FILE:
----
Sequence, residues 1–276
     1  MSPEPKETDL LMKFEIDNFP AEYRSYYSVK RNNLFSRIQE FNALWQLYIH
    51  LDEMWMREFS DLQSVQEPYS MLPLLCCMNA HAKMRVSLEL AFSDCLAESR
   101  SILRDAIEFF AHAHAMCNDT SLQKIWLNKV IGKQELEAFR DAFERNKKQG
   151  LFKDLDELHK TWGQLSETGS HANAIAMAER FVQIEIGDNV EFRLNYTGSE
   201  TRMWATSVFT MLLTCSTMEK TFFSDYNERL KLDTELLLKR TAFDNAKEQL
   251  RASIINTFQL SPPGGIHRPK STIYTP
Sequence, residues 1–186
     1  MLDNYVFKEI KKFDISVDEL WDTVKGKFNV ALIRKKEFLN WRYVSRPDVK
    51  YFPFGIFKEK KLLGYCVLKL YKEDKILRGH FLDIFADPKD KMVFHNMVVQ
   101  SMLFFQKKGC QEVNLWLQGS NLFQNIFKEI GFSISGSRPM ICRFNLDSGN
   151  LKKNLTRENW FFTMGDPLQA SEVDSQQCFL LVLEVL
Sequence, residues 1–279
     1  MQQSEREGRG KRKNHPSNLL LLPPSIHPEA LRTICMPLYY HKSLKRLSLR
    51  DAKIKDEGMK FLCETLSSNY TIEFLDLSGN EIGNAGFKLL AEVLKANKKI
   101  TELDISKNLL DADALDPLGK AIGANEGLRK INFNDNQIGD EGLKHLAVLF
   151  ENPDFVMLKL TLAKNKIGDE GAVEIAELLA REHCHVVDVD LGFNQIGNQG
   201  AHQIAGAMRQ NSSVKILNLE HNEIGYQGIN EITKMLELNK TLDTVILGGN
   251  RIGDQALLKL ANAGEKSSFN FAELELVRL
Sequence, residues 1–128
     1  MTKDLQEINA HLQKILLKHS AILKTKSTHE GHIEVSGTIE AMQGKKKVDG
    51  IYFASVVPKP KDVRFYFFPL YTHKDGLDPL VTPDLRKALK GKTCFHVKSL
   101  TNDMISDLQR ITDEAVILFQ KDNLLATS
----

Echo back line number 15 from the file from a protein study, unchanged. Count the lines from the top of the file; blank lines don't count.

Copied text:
    51  DAKIKDEGMK FLCETLSSNY TIEFLDLSGN EIGNAGFKLL AEVLKANKKI